Thursday, 29 September 2011


I've just returned from a 24 hour consultation with the Ministries Council of the Church of Scotland which, unexpectedly, turned out to be a liberating and inspiring experience. Phil Hanlon, Professor of Public Health at Glasgow University who, among other things, leads the After Now project, led delegates in an examination of the perceived difficulties of ministry in contemporary Scottish culture. His easy yet incisive style and his attentive listening and gifted analysis were incredibly helpful in getting to the heart of what inhibits and depresses us as servants of an institution in chaos that seeks to serve a society in flux.
I'm sure everyone would take away something different to inform their own particular ministry. For me, that gift is the "permission" to recover a sense of vocation - focussing on those things to which I feel called and for which I feel gifted. That doesn't mean that I am not willing, from time to time, to be stretched and challenged to develop. But it does mean, perhaps, that I can live with the fact that I am not good at chairing committees or at producing detailed plans from the big picture dreams that I embrace. Fortunately there are others who have been gifted with those skills and I am more than happy to surrender to them those tasks that I find mind numbing and that sap the energy I might usefully invest elsewhere. Already I am feeling re-energised by that prospect!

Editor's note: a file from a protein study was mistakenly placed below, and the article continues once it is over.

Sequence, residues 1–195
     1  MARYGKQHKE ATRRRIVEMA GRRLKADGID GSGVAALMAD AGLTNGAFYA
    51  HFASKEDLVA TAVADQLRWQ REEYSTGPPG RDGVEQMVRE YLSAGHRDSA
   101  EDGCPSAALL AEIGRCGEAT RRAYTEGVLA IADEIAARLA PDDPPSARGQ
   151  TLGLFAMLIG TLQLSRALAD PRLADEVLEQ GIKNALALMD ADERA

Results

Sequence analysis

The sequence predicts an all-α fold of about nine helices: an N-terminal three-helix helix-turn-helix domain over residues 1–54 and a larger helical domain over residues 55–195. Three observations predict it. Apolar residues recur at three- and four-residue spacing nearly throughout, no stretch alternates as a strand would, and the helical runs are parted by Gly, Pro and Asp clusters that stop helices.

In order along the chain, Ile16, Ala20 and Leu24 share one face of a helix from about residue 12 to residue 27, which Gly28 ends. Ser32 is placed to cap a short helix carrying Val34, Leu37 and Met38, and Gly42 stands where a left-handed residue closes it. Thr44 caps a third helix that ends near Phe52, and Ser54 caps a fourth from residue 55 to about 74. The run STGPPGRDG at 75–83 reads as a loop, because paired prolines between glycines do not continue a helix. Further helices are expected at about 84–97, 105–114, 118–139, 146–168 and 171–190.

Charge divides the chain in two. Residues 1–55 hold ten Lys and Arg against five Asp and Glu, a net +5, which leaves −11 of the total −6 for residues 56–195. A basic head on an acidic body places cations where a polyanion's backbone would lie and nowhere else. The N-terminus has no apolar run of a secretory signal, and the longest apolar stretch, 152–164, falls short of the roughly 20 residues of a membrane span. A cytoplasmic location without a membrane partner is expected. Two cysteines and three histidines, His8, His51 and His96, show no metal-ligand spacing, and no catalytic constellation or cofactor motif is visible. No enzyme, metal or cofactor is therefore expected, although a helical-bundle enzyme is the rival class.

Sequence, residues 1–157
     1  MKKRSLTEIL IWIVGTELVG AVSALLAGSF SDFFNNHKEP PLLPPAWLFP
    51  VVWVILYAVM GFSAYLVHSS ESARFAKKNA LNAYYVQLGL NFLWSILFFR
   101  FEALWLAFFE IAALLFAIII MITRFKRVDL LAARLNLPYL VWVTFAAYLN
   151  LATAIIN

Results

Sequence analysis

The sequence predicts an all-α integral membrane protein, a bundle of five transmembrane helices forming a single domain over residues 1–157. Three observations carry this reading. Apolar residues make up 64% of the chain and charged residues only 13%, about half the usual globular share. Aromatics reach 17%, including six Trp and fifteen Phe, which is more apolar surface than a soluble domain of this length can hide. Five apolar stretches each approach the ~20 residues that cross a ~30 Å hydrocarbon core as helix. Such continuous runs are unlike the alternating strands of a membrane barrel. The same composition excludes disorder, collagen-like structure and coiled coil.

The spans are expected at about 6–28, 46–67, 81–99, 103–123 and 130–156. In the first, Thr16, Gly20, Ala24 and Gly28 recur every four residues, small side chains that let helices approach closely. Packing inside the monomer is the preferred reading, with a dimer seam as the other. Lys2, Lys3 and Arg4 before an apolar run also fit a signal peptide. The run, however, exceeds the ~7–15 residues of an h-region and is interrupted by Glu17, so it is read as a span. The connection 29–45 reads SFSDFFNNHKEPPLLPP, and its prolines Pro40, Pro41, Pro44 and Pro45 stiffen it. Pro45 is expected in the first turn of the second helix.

Tuesday, 27 September 2011

A gift from God?

Swan pond at Culzean
Today, I am being challenged by these words:

Our Greatest Gift from God

On the spiritual journey, there is usually someone in our family, business or community whom we cannot endure, someone who has a genius for bringing out the worst in us. No matter what we do, we cannot seem to improve the relationship. They have not done anything to cause it. God simply uses them to reflect back to us what our problem is. Thus the person who gives us the most trouble may be our greatest gift from God.